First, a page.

Only two short weeks ago Heater could
barely walk, let alone plunge headlong into
people outweighing him by 30 to 50 pounds.
But Heater played and ran and cut like
the Heater of old despite those sore knee
ligaments and his new position. "I was
pleased that Heater lasted," Schembechler
said. "He's not the polished player he will
be when he's fully recovered."
The Wolverine overland express featured
a carload of runners, and its 318 yard total
varifies the confidence Schembechler main-
THEN IN THE third quarter he caught
Elzinga's only two completions, the second
for a ten yard touchdown. But the one that
got away just before the first half ended
was the one Chapman wanted most. With
the ball on the 54, Elzinga let loose a bomb
that Chapman ran under on the three, only
to have the ball slip off his hands.
"The ball was tipped but I should have
caught it anyway. We have a drill to work
on plays like that," Chapman said.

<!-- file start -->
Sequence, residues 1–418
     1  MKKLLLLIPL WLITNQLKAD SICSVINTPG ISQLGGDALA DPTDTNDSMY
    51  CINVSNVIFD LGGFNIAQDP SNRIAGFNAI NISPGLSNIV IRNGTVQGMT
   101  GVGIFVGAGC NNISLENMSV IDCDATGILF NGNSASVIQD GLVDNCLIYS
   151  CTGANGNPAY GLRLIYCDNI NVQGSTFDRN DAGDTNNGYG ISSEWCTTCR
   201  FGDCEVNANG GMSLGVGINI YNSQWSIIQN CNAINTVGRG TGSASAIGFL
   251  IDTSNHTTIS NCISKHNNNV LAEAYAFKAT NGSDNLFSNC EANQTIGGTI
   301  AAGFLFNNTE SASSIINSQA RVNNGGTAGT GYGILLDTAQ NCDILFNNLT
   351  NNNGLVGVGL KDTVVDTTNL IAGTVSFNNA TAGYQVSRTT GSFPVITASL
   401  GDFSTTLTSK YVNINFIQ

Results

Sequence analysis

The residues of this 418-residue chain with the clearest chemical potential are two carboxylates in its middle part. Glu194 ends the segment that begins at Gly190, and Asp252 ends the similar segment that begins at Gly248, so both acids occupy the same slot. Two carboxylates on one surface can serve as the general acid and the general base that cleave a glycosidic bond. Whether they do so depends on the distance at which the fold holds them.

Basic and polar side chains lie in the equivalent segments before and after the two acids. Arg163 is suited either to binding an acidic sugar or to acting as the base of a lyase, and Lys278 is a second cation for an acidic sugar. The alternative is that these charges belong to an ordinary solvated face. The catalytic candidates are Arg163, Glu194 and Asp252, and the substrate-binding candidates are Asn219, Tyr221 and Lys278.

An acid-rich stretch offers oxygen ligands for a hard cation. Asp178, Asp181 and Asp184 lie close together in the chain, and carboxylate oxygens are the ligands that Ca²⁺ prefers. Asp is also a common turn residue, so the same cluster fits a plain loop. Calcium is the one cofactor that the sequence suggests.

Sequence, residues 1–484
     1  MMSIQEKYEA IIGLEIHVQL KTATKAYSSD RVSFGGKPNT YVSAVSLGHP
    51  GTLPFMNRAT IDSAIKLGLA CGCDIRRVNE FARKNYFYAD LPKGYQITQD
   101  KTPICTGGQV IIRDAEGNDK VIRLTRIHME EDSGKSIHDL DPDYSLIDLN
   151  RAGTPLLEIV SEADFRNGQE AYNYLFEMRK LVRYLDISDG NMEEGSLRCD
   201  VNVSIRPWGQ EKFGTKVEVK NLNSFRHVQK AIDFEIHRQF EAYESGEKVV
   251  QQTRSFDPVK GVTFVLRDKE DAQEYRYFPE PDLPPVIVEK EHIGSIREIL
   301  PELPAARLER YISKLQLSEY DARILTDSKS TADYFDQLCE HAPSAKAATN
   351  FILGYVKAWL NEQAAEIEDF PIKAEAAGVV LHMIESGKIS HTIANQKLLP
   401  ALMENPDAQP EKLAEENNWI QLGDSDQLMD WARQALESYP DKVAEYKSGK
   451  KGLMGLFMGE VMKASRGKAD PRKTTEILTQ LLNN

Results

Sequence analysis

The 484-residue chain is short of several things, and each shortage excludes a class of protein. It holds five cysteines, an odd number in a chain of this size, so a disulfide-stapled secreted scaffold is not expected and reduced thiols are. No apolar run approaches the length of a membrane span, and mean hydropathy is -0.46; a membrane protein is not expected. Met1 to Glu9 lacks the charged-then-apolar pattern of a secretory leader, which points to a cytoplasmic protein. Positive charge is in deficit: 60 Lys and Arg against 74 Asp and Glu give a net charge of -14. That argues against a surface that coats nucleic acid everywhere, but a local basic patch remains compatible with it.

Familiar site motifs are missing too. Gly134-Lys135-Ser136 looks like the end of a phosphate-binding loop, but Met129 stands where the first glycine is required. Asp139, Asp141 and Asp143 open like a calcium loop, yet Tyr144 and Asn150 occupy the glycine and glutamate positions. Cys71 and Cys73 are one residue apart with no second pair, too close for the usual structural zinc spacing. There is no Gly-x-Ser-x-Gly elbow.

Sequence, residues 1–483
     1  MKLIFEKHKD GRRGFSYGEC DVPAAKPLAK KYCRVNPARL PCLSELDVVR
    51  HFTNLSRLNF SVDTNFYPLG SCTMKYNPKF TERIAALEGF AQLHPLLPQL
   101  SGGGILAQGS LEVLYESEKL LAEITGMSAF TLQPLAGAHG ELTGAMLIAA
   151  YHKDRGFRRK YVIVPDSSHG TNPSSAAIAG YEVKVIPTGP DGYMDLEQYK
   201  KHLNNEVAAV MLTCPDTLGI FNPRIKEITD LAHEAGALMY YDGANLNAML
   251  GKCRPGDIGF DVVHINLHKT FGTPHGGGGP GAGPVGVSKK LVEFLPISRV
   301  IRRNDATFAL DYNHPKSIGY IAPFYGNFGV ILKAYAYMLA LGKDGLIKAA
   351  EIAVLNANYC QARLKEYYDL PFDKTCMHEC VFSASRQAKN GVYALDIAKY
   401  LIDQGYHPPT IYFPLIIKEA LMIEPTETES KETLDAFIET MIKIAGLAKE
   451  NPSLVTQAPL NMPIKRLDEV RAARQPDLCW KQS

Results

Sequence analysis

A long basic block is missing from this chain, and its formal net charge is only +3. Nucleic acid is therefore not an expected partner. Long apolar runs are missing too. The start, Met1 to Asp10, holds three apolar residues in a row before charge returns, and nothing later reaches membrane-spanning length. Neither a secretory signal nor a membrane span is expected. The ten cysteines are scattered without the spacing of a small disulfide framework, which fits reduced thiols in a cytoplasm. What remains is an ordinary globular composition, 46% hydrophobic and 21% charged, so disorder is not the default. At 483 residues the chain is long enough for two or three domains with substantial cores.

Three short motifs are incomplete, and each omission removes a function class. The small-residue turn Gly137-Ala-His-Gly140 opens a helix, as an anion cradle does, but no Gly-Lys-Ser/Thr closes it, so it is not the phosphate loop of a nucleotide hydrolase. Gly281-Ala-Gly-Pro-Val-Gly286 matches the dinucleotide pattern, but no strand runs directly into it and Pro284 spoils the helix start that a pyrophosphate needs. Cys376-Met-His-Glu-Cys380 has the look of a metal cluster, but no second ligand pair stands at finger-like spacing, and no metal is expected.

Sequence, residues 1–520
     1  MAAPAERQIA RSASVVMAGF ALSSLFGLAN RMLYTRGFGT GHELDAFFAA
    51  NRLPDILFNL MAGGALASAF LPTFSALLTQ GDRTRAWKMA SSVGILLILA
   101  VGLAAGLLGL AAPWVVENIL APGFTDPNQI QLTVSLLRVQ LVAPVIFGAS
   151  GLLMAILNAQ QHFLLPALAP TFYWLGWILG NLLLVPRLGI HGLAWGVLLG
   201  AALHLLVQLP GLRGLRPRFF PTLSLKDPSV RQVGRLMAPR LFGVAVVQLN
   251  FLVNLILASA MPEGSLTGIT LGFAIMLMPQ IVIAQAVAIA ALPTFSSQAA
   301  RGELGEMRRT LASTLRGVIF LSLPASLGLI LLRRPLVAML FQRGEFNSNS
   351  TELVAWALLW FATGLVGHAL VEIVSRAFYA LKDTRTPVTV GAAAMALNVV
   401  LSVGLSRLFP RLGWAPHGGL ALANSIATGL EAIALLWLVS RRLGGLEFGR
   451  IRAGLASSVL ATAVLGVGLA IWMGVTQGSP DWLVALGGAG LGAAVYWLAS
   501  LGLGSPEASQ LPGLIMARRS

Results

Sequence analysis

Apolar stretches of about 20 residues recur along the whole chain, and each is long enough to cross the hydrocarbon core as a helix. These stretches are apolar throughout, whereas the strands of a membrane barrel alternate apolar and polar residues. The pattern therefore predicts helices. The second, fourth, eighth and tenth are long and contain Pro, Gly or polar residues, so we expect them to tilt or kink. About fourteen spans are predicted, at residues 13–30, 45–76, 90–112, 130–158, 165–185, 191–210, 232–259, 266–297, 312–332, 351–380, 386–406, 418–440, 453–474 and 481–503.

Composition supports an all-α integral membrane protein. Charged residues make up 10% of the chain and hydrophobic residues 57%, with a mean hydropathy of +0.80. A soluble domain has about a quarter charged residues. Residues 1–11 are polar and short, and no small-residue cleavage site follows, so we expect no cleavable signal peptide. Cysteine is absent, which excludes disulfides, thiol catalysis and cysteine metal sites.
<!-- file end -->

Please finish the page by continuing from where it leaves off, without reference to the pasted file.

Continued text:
Schembechler even let six of his prize
freshmen in on the action, and Bo has made
clear he doesn't like playing freshmen.
When they are that good, however, what
else can he do?
His two freshman backs, Max Richardson
and Scott Corbin, carried the ball four
times between them, netting 36 yards. With
talent like theirs on the bench, the Wol-
verines should have no worries in con-
tinuing their winning ways.
Daily Photo by PAULINE LUBENS
WOLVERINE TAILBACK ROB LYTLE finds himself in a dif ficult situation as Hawkeyes Dan LeFleur and Shanty Burks (49)\
close in. The 6-1, 190 pound sophomore tailback managed to avo id defenders enough to pile up 86 yards rushing, tops for the
team in yesterday's opening victory.
heads or tales
'one man doesn't ...
stop the show'
,IFTING THROUGH the pile of publicity releases and news-
paper accounts of Michigan's chances on the gridiron this
fall, one had no trouble compiling a list of superlatives describing
Wolverine quarterback Dennis Franklin. Franklin is "super,"
"terriffic," "the best I ever coached," ad infinitum.
Under the category of backup quarterback to Franklin, the
picture was unclear, at best. The names of Mark Elzinga and
John Ceddia were about as familiar as Woodward and Bernstein
before the Watergate caper, and neither had ever taken a snap
from center in a Michigan varsity uniform.
Yesterday in Michigan's easy 24-7 disposal of the Iowa
Hawkeyes, Mr. Elzinga arrived and even if the occasion
was marked with something less than a fanfare from George
Cavender's trumpet section and he didn't pass for 200 yards